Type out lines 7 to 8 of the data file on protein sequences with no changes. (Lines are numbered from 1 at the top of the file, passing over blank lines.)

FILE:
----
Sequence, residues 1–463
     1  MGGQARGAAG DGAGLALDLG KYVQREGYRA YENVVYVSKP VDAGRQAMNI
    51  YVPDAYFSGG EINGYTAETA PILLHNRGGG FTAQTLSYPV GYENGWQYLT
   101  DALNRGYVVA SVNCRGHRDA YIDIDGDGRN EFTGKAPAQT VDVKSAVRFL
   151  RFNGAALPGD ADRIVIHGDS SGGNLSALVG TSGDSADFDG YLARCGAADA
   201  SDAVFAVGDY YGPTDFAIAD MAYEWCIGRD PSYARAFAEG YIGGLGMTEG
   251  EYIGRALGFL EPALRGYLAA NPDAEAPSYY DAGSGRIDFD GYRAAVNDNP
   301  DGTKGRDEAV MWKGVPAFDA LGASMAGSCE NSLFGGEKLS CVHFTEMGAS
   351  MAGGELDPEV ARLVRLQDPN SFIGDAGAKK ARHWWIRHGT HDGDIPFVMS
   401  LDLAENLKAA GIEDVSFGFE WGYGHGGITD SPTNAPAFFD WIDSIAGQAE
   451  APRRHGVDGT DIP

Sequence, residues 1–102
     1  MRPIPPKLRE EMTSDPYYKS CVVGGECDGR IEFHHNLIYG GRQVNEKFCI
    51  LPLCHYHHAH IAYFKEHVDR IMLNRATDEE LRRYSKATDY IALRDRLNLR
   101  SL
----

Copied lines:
   251  EYIGRALGFL EPALRGYLAA NPDAEAPSYY DAGSGRIDFD GYRAAVNDNP
   301  DGTKGRDEAV MWKGVPAFDA LGASMAGSCE NSLFGGEKLS CVHFTEMGAS